The Church, said the Pope, quoting the Synod, not only has no right to deprive the individual Catholic of this avenue to the renewed presence of God in his soul, but "must unceasingly defend his right."
It is this inner meaning which the Church has "unceasingly defended" since Christ gave his Apostles and their successors the power to bind and to loose. It is for this reason that the Pope insists that when Canon 961 is "misinterpreted" - transforming a personal encounter between an individual person and God into a community festival in which the primary relationship is with the human beings around us rather than directly and personally with God - the Church as an institution and the individual penitent who needs to recover his intimacy with God, are both betrayed.
"Undermining" the Sacrament - the word used by the Pope - means dissolving its original reality into a new and different reality. And insofar as Penance is one of the basic components of the Faith, this is - to that extent - to change the content of the Faith: to use Jean Guitton's words once again, it is "putting the essence of the faith itself in doubt."
It is only one example among many of how a different set of religious beliefs is evolving out of the matrix of the old, while the language in which different concepts are expressed remains apparently the same.
The problem with the Sacrament of the Eucharist is similar. Its ancient disciplines - and by consequence its innermost nature - are being called into question by those who urge, for instance, that the reception of the Eucharist should be accessible to those validly married but who divorce and re-marry. This suggestion has surfaced once again in Australia.
The humane arguments in favour of such a proposal are both self- evident and strongly appealing. In this country, thanks to the Family Law Act introduced by the late Lionel Murphy, there are now hundreds of thousands of divorced people, living with varying degrees of internal trauma, unhappiness, and distress. Among them, there would be thousands of Catholic women, who originally contracted valid marriages, whose husbands have walked out on them, and who have re-married simply to seek ordinary human companionship. To say that they may not receive the Eucharist is, from the human viewpoint, a very hard saying indeed.
While compassion, sentiment, and emotion are factors to be considered, they are in no sense final and decisive. What happens to the innermost meaning of the Sacrament itself, even if the challenging action arises from genuine compassion, is the decisive consideration.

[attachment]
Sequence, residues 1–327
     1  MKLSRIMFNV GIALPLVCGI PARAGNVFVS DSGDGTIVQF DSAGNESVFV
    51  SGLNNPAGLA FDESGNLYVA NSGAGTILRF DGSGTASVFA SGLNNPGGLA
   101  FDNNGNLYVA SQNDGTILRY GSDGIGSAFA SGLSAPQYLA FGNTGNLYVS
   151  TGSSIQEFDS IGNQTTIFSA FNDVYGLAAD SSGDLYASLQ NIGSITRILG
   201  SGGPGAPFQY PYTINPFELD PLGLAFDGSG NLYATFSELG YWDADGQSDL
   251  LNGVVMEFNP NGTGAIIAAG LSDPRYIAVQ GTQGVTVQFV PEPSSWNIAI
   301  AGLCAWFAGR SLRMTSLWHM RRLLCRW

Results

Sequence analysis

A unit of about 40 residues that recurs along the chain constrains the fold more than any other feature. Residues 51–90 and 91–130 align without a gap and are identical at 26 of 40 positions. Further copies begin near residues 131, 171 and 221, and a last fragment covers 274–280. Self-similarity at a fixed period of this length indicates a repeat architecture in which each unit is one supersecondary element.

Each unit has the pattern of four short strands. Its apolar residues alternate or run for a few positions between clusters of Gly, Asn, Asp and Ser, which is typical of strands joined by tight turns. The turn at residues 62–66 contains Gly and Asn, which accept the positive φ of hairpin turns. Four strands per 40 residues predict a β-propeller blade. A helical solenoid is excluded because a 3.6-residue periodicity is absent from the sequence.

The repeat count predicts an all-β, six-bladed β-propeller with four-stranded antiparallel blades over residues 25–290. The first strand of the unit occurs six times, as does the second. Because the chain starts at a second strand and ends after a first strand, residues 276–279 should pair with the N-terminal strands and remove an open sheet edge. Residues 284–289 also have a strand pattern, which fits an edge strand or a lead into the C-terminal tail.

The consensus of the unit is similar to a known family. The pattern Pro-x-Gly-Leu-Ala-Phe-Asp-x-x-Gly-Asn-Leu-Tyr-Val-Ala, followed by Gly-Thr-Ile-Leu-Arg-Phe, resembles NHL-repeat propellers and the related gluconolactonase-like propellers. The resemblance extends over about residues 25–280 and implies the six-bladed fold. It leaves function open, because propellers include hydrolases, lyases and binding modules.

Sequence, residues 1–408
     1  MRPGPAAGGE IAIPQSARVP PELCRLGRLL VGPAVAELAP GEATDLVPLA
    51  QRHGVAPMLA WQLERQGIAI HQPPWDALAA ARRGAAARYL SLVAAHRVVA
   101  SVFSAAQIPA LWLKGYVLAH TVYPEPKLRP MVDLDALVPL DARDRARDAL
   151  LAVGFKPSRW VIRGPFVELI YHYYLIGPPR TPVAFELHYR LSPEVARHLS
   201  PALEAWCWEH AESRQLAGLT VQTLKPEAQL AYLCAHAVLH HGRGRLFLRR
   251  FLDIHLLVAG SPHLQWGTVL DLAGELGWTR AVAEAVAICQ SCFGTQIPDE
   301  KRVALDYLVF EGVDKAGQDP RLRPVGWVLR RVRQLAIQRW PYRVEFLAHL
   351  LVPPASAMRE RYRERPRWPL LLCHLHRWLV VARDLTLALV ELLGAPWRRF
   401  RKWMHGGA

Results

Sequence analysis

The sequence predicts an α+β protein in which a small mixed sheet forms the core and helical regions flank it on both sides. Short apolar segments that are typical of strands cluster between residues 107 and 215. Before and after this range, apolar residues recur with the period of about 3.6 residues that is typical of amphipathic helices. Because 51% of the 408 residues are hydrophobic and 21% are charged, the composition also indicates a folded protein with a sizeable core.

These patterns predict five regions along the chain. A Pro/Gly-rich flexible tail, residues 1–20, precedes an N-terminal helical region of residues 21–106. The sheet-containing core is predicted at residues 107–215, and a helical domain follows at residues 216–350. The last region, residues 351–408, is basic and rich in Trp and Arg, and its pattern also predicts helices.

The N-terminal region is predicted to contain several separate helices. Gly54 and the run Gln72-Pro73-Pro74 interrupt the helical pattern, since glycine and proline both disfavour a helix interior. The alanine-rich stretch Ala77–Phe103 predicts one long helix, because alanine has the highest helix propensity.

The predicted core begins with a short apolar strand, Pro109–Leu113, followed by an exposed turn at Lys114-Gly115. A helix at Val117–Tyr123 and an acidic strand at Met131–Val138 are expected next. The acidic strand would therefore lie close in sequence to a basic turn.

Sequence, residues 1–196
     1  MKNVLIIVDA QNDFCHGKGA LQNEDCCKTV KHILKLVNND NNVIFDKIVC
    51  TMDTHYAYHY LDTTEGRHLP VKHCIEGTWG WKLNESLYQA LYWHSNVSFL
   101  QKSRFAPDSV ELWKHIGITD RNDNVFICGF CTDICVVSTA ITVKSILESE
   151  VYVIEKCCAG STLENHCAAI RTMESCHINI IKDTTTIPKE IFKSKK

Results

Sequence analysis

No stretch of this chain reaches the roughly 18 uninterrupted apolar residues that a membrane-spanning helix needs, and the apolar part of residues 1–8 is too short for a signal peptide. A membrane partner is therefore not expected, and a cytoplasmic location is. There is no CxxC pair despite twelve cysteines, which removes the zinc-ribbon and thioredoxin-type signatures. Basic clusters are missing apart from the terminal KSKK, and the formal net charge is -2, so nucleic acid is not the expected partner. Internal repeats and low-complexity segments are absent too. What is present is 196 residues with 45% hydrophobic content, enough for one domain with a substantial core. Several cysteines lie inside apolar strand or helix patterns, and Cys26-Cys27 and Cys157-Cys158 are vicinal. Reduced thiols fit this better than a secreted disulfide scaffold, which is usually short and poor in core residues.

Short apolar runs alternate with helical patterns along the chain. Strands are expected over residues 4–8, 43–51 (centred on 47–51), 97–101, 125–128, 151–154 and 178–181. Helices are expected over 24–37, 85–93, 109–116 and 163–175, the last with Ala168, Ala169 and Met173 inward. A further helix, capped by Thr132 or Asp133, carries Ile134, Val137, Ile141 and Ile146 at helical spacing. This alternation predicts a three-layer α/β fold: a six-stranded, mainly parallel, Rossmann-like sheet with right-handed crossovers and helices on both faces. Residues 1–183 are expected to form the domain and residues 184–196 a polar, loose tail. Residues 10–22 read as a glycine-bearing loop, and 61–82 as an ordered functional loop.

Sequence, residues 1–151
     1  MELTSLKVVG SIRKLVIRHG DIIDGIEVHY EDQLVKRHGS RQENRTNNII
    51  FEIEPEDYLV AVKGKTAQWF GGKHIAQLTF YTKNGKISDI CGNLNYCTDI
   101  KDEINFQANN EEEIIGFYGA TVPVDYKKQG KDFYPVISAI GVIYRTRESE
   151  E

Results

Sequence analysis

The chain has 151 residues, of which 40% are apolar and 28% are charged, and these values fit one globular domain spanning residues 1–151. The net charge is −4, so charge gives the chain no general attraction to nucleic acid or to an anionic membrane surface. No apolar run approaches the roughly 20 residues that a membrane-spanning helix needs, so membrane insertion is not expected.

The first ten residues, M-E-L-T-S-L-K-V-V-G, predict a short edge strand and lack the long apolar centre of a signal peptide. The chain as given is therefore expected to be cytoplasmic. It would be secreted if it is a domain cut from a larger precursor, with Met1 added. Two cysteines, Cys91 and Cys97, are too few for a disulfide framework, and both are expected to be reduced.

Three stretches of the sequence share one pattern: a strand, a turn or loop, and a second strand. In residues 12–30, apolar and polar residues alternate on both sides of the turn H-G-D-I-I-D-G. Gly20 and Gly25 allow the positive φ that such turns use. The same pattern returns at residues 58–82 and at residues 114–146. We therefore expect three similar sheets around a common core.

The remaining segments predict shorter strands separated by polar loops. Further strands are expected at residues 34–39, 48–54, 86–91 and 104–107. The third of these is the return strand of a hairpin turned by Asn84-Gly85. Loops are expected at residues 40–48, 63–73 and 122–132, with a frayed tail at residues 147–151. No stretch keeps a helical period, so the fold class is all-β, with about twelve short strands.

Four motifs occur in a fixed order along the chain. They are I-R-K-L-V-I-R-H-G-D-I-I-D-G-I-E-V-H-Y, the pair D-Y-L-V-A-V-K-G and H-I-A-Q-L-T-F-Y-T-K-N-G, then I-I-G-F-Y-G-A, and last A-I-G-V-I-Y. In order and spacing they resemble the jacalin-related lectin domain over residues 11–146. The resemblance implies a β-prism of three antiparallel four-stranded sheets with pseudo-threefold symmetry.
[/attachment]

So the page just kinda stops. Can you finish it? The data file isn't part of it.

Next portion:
The question must therefore be posed differently.
Are we prepared to say that there is no action which, unrepented and unconfessed, precludes one from receiving the Eucharist? Should an Eichmann, had he sought the Eucharist, without penance and without confession, have expected to receive it? Should someone who, with full knowledge and consent, had merely stolen from a poor box, or from a blind man, or from a widow, expect automatically to receive the Sacrament without repentance, confession, forgiveness?
Every Catholic would say "No". And the reason would be clear.
If "the whole question of the personal relationship that Christ wills to have with each penitent" is at stake in the matter of Penance, it is doubly so in the matter of the Eucharist. The whole point of the Eucharist is that it offers a union with Christ far more intimate than that achieved in the union of man and woman in marriage, more intimate than the relationship between mother and child, which are the most intimate of all human associations.
Ask a wife whether she would willingly receive the embraces of a husband, who protests his love for her, when she knows that he has come from the arms of another woman? And if she did receive him out of pity or out of fear, what would be the quality of that union? The intimacy with Christ, the "bonding" with Christ, which is the innermost reality of the Sacrament is such that its reception is incompatible with certain human acts we know to be grossly wrong.
The critical question is whether remarriage after divorce from a valid marriage is one of these acts. Here, however reluctantly, one must accept that the barrier was erected by the word of Christ Himself, not merely by some theological interpretation or deduction.